“Le Corsaire” captures audience and stage in season opener 1

By Krista DeJulio – Co-Editor-in-Chief 

What’s better than a pirate romance made into a ballet? I can’t think of much anything better. Over the summer when Boston Ballet released its upcoming schedule of ballets, I knew I had to see this one. As a huge fan of Captain Jack Sparrow, Will Turner, Barbossa, this was my show.

Three years ago yesterday I saw my first ballet. For some reason, I love the ballet. I never took dance classes in my life, I never was a theater kid but I really just love the ballet. There’s a sense of “I don’t belong here but I’m here” and “I’m going to enjoy every second of being at the ballet.” A ballet doesn’t have words or dialogue but that’s made up for with the drama, love and passion with dance.

Last night I attended the 53rd season opener of Boston Ballet’s for “Le Corsaire” at the Boston Opera House, a story about a lovely maiden and a wealthy aristocrat who wants to add her to his harem, a part of the household reserved for wives, but a pirate wants to save her from the aristocrat. According to the Boston Globe, the story is based on a poem by Lord Byron of the same name and was created for the Bavarian State Ballet in 2007. This is the first time the ballet has been performed for Boston Ballet and was choreographed by Ivan Liška. An attempted version of the show was performed in 1997 under the name “The Pirate,” according to the Boston Globe.


The Boston Opera House hosted the premiere of “Le Corsaire” on October 27. The show will run until November 6. Photo courtesy of Boston Ballet


Chance the Rapper electrifies Bank Pavilion crowd Reply


Chance the Rapper put on an unforgettable show in Boston on Thursday, September 29. Photo by Ryan Fitzgerald.

By Ryan Fitzgerald – Co-Editor-in-Chief

The second he stepped onstage of the Blue Hills Bank Pavilion amphitheater, Chance the Rapper had a stronghold on the sold out crowd eagerly waiting to hear the music sensation. Donning his signature ‘3’ baseball cap, the 23-year-old’s presence offers such a welcoming, vibrant, and positive energy that it can fill a venue as soon as he walks in. He certainly did just that on Thursday, September 29, when his Magnificent Coloring World Tour came to Boston.


“Hail, Caesar!,” a Coen triumph Reply

By Tristan Davis – Features Editor

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It’s not often we are treated to a Coen brothers’ production, and the long-awaited premiere of “Hail, Caesar!” had great expectations. Coming off of the Academy Award-nominated drama “Inside Llewyn Davis,” in 2013, the Coens ventured further back in time to 1950s Hollywood, where a ma- jor actor has suddenly gone missing.


The follow-up to “Yeezus” is worth the wait Reply

By Krista DeJulio & Ryan Fitzgerald – Co-Editors-in-Chief

It’s been almost three years since our lord and savior Kanye West released the darkest, craziest, most politically driven album of his career, “Yeezus.” It brought us “I Am A God” (in which he raps about croissants, the household staff, and his garage), “Bound 2” (an “1851 Chronicle” editorial staff favorite), and “Black Skin- head” (which was in an Animal Planet commercial). But what will this new album bring us?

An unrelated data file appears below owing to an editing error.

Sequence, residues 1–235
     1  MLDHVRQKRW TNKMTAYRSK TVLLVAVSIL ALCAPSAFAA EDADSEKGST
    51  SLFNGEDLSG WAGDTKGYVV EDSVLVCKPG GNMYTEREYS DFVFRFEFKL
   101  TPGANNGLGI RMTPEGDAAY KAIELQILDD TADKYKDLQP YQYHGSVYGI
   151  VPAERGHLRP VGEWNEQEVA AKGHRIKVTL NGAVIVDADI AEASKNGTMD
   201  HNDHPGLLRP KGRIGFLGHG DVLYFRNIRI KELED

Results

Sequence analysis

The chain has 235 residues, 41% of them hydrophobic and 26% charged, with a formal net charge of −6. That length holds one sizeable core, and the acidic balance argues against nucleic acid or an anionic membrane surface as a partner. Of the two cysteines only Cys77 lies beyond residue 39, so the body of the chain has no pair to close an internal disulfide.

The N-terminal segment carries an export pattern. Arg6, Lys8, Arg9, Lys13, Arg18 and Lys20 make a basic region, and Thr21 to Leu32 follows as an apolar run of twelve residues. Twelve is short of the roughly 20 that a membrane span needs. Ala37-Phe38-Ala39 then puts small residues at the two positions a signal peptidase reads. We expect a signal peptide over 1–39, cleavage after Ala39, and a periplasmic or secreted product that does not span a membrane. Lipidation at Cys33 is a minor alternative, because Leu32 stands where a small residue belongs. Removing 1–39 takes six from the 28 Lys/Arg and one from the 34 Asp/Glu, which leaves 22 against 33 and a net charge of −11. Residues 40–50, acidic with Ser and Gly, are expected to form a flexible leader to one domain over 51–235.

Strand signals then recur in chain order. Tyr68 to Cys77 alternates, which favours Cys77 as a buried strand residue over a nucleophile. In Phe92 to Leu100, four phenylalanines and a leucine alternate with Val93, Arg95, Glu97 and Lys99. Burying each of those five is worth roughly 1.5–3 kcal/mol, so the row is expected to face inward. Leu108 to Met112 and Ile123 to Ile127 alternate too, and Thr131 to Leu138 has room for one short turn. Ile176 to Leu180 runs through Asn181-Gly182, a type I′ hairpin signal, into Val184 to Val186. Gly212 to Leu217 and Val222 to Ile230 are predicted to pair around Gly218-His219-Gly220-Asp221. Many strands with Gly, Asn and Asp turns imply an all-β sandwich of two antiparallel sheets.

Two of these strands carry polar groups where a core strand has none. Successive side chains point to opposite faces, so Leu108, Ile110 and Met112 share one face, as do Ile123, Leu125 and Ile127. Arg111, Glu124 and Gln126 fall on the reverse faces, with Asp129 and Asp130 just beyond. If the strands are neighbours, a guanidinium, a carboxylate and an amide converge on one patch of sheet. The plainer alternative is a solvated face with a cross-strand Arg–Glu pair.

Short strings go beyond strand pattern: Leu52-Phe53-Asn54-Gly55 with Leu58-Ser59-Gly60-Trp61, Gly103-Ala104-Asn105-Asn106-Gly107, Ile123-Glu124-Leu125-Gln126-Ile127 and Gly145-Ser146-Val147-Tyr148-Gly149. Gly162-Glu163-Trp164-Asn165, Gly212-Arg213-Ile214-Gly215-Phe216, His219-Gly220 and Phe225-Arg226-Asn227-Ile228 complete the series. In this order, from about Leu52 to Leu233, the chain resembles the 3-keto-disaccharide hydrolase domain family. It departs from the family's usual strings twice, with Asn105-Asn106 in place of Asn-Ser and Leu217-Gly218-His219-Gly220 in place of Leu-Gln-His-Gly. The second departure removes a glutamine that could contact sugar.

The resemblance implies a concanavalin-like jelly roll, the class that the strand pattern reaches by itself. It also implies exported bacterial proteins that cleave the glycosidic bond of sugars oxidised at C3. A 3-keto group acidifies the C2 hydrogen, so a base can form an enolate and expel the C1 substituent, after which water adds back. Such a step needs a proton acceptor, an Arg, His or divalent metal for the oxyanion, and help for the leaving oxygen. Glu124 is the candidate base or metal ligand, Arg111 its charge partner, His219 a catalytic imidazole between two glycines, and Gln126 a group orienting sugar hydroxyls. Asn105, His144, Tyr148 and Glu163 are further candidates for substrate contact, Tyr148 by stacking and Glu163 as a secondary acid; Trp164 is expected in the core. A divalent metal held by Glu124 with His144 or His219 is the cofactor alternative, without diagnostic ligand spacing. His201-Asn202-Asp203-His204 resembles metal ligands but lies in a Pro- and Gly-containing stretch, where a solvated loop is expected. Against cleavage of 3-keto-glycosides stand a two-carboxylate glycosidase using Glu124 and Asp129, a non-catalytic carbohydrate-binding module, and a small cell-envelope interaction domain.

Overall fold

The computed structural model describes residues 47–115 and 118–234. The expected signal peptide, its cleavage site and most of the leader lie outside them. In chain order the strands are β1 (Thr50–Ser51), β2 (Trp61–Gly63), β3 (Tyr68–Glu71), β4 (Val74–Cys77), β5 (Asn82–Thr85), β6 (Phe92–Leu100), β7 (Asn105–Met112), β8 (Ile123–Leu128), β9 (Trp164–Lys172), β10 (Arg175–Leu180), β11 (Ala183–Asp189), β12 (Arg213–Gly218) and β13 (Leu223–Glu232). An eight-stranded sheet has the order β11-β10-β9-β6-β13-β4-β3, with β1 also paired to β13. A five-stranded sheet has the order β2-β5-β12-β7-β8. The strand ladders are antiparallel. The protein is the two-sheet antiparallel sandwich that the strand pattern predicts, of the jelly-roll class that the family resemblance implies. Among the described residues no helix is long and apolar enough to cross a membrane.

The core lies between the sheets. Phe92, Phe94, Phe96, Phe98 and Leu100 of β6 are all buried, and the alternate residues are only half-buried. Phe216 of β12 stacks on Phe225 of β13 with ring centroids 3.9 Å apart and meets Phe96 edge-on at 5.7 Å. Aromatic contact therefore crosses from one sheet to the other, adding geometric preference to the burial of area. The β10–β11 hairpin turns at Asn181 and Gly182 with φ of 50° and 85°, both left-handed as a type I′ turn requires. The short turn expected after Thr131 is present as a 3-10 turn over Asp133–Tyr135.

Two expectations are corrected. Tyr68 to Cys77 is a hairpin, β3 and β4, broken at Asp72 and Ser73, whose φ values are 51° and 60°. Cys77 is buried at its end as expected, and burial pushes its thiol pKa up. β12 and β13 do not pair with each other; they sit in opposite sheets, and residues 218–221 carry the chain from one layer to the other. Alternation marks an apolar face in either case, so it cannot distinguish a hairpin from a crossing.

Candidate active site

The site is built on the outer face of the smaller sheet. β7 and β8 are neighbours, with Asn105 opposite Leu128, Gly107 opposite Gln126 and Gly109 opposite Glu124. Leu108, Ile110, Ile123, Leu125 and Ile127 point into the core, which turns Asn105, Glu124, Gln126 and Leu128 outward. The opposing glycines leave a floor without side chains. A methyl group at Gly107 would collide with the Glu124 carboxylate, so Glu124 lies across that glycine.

February’s best films to see Reply

By Tristan Davis, Megan Palumbo, Allie Talarico, & Casey DiBari – Features, Sports Editors, & 1851 Staff


“Pride and Prejudice and Zombies” opened February 5. Photo courtesy of IMDb

“Pride and Prejudice and Zombies” – February 5

In this genre-bending reanimation of a classic Jane Austen novel written in 1813, “Pride and Prejudice and Zombies” seamlessly combines the majesty of early 19th century English society with the blood-curdling action of horror and science fiction. Austen’s main characters, plot points, and love interests remain the same, despite the added nuisance of the undead. Lily James (“Cinderella”) plays protagonist Elizabeth Bennet, who wields daggers while wearing dresses, replaces garters with zombie guts, and leads her sisters through battle without once surrendering her grace and propriety. Based on the novel of the same name by Seth Grahame-Smith, the movie “Pride and Prejudice and Zombies” is directed by Burr Steers. – A. Talarico


Seussical brings joy, laughs to campus in sold out show Reply

By Seán McGlone – News Editor 

Lasell College Drama Club (LCDC) recently put on their rendition of “Seussical the Musical” in Yamawaki Auditorium for four shows from November 19 through the 22. All four sold out to the extent that additional seating had to be found to accommodate the audience.

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Senior Jilliana Sliby acts as Mayzie. Photo by Michelle Port.


Adele returns with ’25’ Reply

By Haleigh Santilli & Ajea Stupart – Arts Editor & 1851 Staff 

After a long break, the queen of mod- ern soul returns. Adele said, “Hello” to her fans at the end of October and received immensely positive feedback. “Hello” is Adele’s breakout track from her third album “25,” and though it’s about love she regrets losing, it sounds like she’s saying hello to her fans. “When We Were Young,” the second single released off the album provides a sentimental feeling long missed from Adele’s absence.

Like her two other albums, “19” and “21,” this album is named after the age in which she wrote the majority of the songs.


Adele released her new album “25” on November 20. Photo courtesy of imdb.com